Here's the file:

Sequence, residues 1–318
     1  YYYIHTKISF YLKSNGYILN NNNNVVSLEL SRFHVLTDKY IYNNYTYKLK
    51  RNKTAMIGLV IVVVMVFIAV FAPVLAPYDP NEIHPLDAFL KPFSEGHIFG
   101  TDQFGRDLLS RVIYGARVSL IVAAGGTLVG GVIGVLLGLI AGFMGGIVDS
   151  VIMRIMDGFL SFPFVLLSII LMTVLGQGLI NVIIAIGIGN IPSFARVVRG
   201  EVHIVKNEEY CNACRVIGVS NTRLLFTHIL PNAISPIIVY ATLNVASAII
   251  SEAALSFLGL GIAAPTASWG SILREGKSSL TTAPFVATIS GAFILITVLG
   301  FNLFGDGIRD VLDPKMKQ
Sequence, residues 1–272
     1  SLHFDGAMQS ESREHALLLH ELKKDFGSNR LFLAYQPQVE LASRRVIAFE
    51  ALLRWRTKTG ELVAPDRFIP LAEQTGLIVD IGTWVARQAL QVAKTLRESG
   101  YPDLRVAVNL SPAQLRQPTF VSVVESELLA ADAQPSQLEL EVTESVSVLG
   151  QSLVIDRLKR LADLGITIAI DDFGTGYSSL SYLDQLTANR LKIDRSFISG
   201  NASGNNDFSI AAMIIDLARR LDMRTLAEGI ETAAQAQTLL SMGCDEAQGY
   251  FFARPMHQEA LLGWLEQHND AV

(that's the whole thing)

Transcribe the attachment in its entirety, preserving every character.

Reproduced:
Sequence, residues 1–318
     1  YYYIHTKISF YLKSNGYILN NNNNVVSLEL SRFHVLTDKY IYNNYTYKLK
    51  RNKTAMIGLV IVVVMVFIAV FAPVLAPYDP NEIHPLDAFL KPFSEGHIFG
   101  TDQFGRDLLS RVIYGARVSL IVAAGGTLVG GVIGVLLGLI AGFMGGIVDS
   151  VIMRIMDGFL SFPFVLLSII LMTVLGQGLI NVIIAIGIGN IPSFARVVRG
   201  EVHIVKNEEY CNACRVIGVS NTRLLFTHIL PNAISPIIVY ATLNVASAII
   251  SEAALSFLGL GIAAPTASWG SILREGKSSL TTAPFVATIS GAFILITVLG
   301  FNLFGDGIRD VLDPKMKQ
Sequence, residues 1–272
     1  SLHFDGAMQS ESREHALLLH ELKKDFGSNR LFLAYQPQVE LASRRVIAFE
    51  ALLRWRTKTG ELVAPDRFIP LAEQTGLIVD IGTWVARQAL QVAKTLRESG
   101  YPDLRVAVNL SPAQLRQPTF VSVVESELLA ADAQPSQLEL EVTESVSVLG
   151  QSLVIDRLKR LADLGITIAI DDFGTGYSSL SYLDQLTANR LKIDRSFISG
   201  NASGNNDFSI AAMIIDLARR LDMRTLAEGI ETAAQAQTLL SMGCDEAQGY
   251  FFARPMHQEA LLGWLEQHND AV